Taste: O'hara's Irish Stout is a great alternative to Guinness. If you're looking for an Irish beer but you're tired of going to the default of Guinness this beer really represents itself well. And truth be told, it's quite a bit tastier than the king of Irish beers. Just like the nose, the roasted malt is the biggest player here, but it's extremely well balanced. This is a stout that is smooth from start to finish and one I can definitely see myself becoming close friends with.

Style: Stout
ABV: 4.3%
IBU: ?

Final Verdict: I really enjoyed this beer. It's smooth, but with a great roasted malt backbone. The flavors are classic and very well done. I was looking to expand my Irish beer horizons and I'm glad I started here. It definitely showed me that there are some great alternatives to the obvious. O'hara's Irish stout is fantastic.

Tuesday, February 19, 2013

Verde Pizza Napoletana

About two weeks ago I discussed the pizza at Verde Pizza Napoletana as part of The Great Baltimore Pizza Pursuit 2013. In short, the pizza was great. Today, I'll be discussing the restaurant and our visit as a whole.

As good as the pizza was Deana and I weren't overly thrilled with the rest our night. Despite making reservations, we waited well over 30 minutes before we were finally seated. I wasn't shocked that there was a bit of a wait to be seated given that it was the final weekend of Baltimore Restaurant Week, but 30 minutes is a bit extreme when you've reserved a table. And the worst part of that 30 minutes was being forced to squish into the front of the restaurant with everyone else who was waiting for a seat.

The building itself is very narrow with the tables very close to one another. I don't know if it was the fact that I had 84 people in my personal space during our wait, but the close proximity to the other tables was somewhat off putting. With that said, if you are lucky enough to be seated in the back half of the restaurant you have a view into the kitchen where you can see your pizza's being put together and cooked in the brick oven.

At the end of the night, after we had finished our appetizers and pizza, we had to wait quite a while for them to bring our dessert (we ordered it at the beginning of the night as part of the 3 course restaurant week thing). After 10 or 15 minutes of sitting around waiting our dessert was finally delivered.....and then we had to wait just as long to get our check. By the time we left there, it was no longer a guessing game as to why we had to wait 30 minutes for a table despite making reservations. The wait staff just wasn't efficient with their time. Yes, every single table was taken. Yes, it was restaurant week. But the restaurant is tiny and they had food runners. Why the waiter delays were what they were was beyond me.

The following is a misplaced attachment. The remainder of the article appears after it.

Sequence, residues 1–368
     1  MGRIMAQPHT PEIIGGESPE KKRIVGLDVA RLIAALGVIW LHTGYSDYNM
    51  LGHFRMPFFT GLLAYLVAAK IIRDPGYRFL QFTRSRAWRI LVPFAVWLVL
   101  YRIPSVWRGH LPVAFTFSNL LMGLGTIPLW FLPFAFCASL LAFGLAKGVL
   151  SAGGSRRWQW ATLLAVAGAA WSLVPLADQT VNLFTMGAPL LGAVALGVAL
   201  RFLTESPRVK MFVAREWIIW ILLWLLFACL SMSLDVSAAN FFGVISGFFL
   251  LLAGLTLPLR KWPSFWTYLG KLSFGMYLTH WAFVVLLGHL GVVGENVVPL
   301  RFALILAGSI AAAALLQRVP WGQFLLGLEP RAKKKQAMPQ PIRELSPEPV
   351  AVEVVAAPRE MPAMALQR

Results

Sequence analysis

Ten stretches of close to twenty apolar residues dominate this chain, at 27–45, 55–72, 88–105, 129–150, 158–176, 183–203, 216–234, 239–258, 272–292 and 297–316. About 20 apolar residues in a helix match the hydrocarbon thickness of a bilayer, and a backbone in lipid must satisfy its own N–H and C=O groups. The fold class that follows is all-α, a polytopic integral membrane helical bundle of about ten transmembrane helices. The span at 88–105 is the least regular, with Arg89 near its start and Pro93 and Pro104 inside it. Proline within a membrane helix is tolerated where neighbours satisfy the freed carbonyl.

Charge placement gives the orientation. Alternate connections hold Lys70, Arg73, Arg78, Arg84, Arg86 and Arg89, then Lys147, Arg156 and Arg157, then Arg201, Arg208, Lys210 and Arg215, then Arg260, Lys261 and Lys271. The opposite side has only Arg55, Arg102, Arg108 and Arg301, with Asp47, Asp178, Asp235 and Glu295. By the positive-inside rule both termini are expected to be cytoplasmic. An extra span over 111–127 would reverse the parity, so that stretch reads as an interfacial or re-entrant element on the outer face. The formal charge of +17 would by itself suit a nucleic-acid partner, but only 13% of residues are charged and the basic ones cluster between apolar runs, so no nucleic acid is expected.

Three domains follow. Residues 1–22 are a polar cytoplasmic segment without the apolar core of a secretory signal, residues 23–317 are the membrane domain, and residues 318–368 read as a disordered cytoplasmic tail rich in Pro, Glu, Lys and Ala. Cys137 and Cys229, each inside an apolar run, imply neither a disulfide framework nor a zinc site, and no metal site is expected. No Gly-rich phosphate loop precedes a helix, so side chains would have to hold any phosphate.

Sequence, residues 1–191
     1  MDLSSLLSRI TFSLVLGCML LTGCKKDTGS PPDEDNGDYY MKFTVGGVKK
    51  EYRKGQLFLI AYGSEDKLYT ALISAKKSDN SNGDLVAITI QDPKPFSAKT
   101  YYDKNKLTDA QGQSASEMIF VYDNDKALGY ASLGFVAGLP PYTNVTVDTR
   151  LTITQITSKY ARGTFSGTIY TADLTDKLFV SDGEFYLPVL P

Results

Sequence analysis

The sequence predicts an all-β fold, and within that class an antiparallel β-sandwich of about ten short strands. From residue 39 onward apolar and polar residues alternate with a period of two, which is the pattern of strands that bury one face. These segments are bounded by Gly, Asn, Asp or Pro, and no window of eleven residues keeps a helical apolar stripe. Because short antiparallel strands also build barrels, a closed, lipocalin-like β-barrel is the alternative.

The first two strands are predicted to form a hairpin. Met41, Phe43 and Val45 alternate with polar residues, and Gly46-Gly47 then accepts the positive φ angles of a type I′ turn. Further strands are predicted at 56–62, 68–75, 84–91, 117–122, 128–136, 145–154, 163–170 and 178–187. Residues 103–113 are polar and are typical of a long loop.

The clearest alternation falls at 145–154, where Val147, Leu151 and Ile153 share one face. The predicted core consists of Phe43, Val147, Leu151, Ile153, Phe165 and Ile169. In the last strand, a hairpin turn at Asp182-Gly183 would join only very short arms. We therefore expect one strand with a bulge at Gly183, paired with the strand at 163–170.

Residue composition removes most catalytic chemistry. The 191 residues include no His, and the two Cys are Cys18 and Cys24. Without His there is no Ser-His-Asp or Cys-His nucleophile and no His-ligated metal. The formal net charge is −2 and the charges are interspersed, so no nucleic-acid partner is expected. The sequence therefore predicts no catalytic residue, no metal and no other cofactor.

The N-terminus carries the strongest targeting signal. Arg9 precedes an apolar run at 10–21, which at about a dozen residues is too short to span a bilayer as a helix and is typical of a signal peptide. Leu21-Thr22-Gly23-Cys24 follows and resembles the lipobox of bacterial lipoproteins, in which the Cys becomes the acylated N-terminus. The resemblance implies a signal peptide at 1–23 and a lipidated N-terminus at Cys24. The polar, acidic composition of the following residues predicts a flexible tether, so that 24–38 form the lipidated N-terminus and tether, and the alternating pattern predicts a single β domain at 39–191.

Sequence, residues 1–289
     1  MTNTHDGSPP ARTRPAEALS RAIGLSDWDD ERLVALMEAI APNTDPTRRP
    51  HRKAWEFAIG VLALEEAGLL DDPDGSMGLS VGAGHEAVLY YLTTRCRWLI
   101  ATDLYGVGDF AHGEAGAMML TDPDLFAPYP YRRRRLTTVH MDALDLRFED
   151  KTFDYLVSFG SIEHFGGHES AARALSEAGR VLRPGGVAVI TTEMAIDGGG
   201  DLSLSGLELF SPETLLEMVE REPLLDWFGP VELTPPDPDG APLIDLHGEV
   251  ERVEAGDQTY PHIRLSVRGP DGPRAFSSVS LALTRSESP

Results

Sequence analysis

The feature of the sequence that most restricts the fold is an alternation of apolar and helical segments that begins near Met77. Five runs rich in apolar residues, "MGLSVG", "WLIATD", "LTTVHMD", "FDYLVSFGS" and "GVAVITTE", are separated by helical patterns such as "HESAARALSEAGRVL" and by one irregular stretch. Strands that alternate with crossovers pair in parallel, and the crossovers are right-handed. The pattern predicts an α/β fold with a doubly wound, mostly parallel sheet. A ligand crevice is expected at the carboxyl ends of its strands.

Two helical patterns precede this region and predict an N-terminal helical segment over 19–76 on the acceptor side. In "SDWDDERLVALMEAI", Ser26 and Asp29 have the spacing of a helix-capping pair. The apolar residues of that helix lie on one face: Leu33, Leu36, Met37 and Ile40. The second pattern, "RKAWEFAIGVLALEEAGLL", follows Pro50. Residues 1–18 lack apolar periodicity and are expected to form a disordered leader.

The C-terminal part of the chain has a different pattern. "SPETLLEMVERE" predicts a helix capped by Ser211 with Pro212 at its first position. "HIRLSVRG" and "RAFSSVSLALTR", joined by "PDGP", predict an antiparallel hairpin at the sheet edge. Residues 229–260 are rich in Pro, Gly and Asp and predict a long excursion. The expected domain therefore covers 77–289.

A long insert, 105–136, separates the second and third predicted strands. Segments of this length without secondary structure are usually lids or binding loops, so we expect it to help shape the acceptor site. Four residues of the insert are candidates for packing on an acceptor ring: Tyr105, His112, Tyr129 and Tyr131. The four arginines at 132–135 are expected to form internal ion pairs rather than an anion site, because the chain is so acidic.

Now, despite the tone of this review being negative there was a lot to like about Verde. If you read the review of the pizza alone, I spoke very highly of it. It was delicious. And the owner was more than friendly making two different appearances at our table to make sure our food came out tasting good. I appreciated that. For the pizza alone, I would go back to Verde Pizza Napoletana (and I highly recommend you try it yourself at least once). But given the long waits I'd have to endure and the somewhat awkward dining room layout, I don't know how often I see myself being a repeat customer.

Price: Middle of the Road
Recommendation: You have to visit this place at least once for the pie alone.
What to Order: Pizza Margherita

  Verde Pizza Napoletana on Urbanspoon

Thursday, February 14, 2013

Blue Crab

Wow! I really have a serious backlog of restaurant reviews to get through. I'm just now getting to some of the places we visited last summer when my family took a little vacation to Bethany Beach, Delaware.  Blue Crab is first on the list, and it's also first in our hearts. It's hard to get 6 adults all agreeing on a place for a dinner. But, agree we do, and I highly recommend you try Blue Crab out if you ever find yourself in the area.

Blue Crab is everything you want in a beach restaurant. The atmosphere is laid back, the staff is friendly, and the seafood is delicious. I'm pretty sure my sister started planning for this dinner 8 months in advance, and she is probably well into plans for the next visit considering how long I waited to write this review. It's safe to say that as long as they offer the blue crab saute on their menu Lauren will be ordering up this little bit of heaven. What makes it so good to her and the others that tasted the saute at our table was the simple way it was prepared. Jumbo lump crab meat, a little butter and old bay is all it took to make an awesome dish.